Just before you walk underneath another building straddling the High Line, look down to the street on your right. Opened in the early 1990s, when rent in the Meatpacking was still very low, Hogs and Heifers (hogs as in Harley motorcycles and heifers, which means virgin cows) was a neighborhood institution almost guaranteed to smell like stale beer and something worse, relatively cheap beer, attractive and lightly dressed bartenders, who along with patrons, are known for dancing on the bar.
Paul McCartney is believed to have danced on the bar. The movie Coyote Ugly was filmed right down the street and many credit Hogs and Heifers with inspiring the rather forgetful flick.
The owners of Coyote Ugly in the East Village would disagree. Apparently, the filmmakers weren’t impressed with the actual Coyote bar and wanted to use Hogs and Heifers. The filmmakers were refused permission to film there when they refused to change the name of the film. Instead, they set up a fake bar to look like Hogs and Heifers down the street.
Now cross to the other side of the High Line and look out at the view from West 13th Street out to the Hudson River, where you should see the cast iron shell of what was once Pier 54’s gateway.
Stop F – Pier 54
Over a century ago, Pier 54 was a part of the Chelsea Piers. Imagine the great trans-Atlantic passenger ships docked here in southern Manhattan on the Hudson River.
Pier 54 belonged to the Cunard Line and it’s from this pier in 1915 that the RMS Lusitania disembarked before being sunk by a German U boat, precipitating U.S. entry into WW1. When the RMS Carpathia rescued the survivors of the Titanic in 1912, they brought them here to Pier 54.
Now stroll underneath this second building until you reach the intersection of West 14th Street. Look to your left out to the Hudson River, out to a large beige structure.
Stop G – Pier 57
Pier 57, built in the early ’50s, is remarkable in that it is built on floating concrete caissons, or boxes. Constructed up the Hudson River, it was then floated down to its current Chelsea location. It once housed the City’s Department of Marine and Aviation.
In April 2013, the city decided to transform Pier 57 into integrated retail and cultural space, featuring over 100,000 square feet of park space, retail, film and food spaces. One of the most interesting plans includes re-purposing used shipping containers as pop up food and clothing stalls.
Continue north on the Highline past a few benches to your right and to a playful water arrangement on your left until you reach the intersection of West 15th Street. You are walking through the Diller-Von Furstenberg Sundeck, which contains grasses, perennials, and shrubs, including several wetland species.
Stop H – Chelsea Market
Most of the 22 buildings you see around 14th and 15th Streets were built for the National Biscuit Company. This is where trains brought butter, flour, sugar and shortening to create the Saltines, Oreos, Fig Newtons, Vanilla Wafers, Barnum’s Animal Crackers, and Mallomars. According to legend, the Oreo was invented right here.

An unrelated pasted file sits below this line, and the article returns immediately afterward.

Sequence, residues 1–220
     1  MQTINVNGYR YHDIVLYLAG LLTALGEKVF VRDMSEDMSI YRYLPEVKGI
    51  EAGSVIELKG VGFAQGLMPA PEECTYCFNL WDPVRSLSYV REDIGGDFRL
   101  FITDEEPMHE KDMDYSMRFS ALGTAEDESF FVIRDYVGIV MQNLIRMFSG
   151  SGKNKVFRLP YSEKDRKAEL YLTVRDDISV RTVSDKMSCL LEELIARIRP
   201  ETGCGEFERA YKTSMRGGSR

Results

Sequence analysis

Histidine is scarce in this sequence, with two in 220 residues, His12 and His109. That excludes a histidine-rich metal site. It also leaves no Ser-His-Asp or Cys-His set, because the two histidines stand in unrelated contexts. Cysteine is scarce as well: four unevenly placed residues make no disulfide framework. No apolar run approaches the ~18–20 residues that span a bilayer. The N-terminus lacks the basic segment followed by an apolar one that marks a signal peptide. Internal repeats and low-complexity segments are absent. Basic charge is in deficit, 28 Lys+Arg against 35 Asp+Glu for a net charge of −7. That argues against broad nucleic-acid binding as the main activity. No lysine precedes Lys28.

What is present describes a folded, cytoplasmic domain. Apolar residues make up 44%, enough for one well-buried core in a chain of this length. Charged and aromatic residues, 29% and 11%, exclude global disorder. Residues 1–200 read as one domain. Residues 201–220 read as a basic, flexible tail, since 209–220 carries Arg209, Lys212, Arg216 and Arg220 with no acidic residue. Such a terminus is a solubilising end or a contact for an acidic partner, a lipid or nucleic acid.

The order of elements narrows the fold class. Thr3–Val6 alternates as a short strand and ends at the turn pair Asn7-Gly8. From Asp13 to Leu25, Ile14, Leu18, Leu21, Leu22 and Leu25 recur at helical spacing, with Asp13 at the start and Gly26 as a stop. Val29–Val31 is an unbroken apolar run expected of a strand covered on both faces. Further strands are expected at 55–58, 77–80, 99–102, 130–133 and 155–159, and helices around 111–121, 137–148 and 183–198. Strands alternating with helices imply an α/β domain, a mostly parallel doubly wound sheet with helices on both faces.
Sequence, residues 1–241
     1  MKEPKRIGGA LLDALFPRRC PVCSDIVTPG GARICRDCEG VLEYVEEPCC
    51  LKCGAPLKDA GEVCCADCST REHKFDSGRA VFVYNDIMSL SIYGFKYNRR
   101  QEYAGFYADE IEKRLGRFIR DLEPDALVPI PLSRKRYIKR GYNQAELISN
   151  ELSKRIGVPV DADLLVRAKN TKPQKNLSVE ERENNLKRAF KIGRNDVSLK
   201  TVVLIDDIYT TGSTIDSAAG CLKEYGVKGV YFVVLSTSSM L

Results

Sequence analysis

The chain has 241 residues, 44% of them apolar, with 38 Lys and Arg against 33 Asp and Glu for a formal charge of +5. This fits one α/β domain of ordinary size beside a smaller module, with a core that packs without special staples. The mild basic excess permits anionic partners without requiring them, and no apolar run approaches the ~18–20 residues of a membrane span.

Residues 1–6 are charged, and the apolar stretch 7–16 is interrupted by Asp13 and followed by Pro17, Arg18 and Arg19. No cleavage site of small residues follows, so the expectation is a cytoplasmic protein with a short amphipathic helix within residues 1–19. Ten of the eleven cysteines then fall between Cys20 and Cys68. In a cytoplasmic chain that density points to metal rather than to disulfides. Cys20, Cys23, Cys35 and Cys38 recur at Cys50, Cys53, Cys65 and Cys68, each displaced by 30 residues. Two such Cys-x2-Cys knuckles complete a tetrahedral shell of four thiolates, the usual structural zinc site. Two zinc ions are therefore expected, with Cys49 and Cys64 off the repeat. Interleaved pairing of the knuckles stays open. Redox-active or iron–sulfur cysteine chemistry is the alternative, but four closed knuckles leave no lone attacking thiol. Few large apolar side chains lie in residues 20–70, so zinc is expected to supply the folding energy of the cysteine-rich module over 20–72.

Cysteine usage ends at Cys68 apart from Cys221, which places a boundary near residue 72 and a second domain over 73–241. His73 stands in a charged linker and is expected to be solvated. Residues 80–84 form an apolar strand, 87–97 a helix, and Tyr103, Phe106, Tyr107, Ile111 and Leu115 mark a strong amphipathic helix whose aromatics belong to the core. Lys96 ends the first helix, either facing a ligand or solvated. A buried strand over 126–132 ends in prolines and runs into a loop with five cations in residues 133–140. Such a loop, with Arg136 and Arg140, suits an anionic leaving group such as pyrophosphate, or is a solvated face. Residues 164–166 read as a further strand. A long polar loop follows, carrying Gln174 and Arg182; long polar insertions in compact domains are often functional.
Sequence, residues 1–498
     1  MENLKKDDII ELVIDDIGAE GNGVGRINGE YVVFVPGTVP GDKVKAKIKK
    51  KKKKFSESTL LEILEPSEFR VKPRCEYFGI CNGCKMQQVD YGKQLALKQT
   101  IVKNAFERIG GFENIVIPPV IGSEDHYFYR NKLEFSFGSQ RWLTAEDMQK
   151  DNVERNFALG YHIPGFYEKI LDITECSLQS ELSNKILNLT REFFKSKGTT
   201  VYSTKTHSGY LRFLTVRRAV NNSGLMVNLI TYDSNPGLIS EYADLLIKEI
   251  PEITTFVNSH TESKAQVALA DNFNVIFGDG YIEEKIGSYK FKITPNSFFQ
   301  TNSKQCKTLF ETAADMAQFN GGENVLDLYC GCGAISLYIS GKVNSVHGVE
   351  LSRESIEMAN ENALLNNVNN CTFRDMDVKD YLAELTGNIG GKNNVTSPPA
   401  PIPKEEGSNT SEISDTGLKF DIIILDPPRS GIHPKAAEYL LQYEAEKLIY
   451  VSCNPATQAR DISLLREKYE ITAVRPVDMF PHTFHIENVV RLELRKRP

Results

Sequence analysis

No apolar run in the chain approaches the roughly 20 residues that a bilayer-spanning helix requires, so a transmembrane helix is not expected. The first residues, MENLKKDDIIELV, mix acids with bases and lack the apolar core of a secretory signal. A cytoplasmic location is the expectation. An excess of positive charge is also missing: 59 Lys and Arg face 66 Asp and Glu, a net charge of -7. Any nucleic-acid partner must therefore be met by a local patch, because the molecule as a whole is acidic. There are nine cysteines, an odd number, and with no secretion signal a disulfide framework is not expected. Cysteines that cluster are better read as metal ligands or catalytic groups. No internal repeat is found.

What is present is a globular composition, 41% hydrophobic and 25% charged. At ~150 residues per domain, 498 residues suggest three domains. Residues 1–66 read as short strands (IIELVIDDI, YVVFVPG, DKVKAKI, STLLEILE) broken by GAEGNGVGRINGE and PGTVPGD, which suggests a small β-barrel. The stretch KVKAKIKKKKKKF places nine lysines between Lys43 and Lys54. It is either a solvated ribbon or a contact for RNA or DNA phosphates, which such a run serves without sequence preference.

In 1959, Nabisco moved operations to Fair Lawn NJ, precipitating a decline in the area’s commercial real estate. Today, the complex, anchored by Chelsea Market, features a shopping mall, an urban food outlet, television productions facilities and office shopping mall, urban food outlet, television production facilities and offices, including Oxygen and the Food Network (Emeril Live) as well as offices for Major League Baseball (MLB) and Google.
Get more information from our Chelsea Market post.
Click here for the complete High Line Map
Now walk underneath the main Nabisco building and look to your left.
Stop I – Southern Spur
The “spurs” of the High Line are curved tracks that veer off of the main track. The Southern Spur connected the tracks with the Nabisco Warehouse and the rail cars could go right into the building. You can still see “NBC” written on the Southern Spur, which stood for National Biscuit Company (aka Nabisco.)
Once you come out from underneath, you shall have reached West 16th Street. Stand on the left side of the High Line.
Stop – J – Merchants Refrigerating Company Warehouse
The railroad tracks that make up the High Line led directly inside this building, which opened in 1918. At that time, merchants and businesses did not have personal refrigeration systems. Instead, they rented out space in building such as this one to keep things cold or frozen.
This is also known as the Northern Spur, designed to evoke the wild landscape that once was common on the High Line.
Continue north along the High Line until you reach a seating area overlooking 10th Avenue.
Stop K – 10th Avenue Overlook
This seating area allows for a rare view of a busy avenue. Pedestrians can sit and rest while looking out at the madness of 10th Avenue.
No matter how bad the traffic looks while you sit there; remember that it doesn’t even come close to being as bad as it once was!
Tenth Avenue in the late 19th century was known as “Death Avenue.” The streets were so clogged with wagons and pushcarts, not to mention freight trains being hauled down the tracks, that crossing the street was a game of a chance.
Hundreds of people were killed on this avenue between 1880 and 1920. The danger and congestion of 10th and 11th Avenues were a key factor in the decision to elevate the railroad tracks.
As you walk back up to the High Line from the overlook, you should notice a grove a 3 flower maple trees known as the 10th Ave Square. Look south in the distance and you can see the Statue of Liberty.
Continue north until you reach West 17th Street and look out toward the Hudson River on your left.
Stop L – Pier 59
It is hard to picture what the Chelsea Piers used to look like while gazing at the modern complex that it is today. But the piers on the west side of Manhattan used to accommodate massive ocean liners from lines such as the Cunard and White Star Lines.
Though Pier 59 today is the location of the Chelsea Brewing Company, it was once the intended destination for an eagerly anticipated arrival in New York: the Titanic. After the tragic sinking of the ship, survivors were brought to New York on the R.M.S. Carpathia.